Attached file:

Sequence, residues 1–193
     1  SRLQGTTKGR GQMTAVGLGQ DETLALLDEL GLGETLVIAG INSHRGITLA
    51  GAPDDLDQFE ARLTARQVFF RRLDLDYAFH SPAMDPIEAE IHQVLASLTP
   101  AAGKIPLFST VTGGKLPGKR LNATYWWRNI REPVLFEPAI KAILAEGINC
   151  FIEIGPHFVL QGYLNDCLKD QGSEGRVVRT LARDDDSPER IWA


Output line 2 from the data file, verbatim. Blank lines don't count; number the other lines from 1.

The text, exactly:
     1  SRLQGTTKGR GQMTAVGLGQ DETLALLDEL GLGETLVIAG INSHRGITLA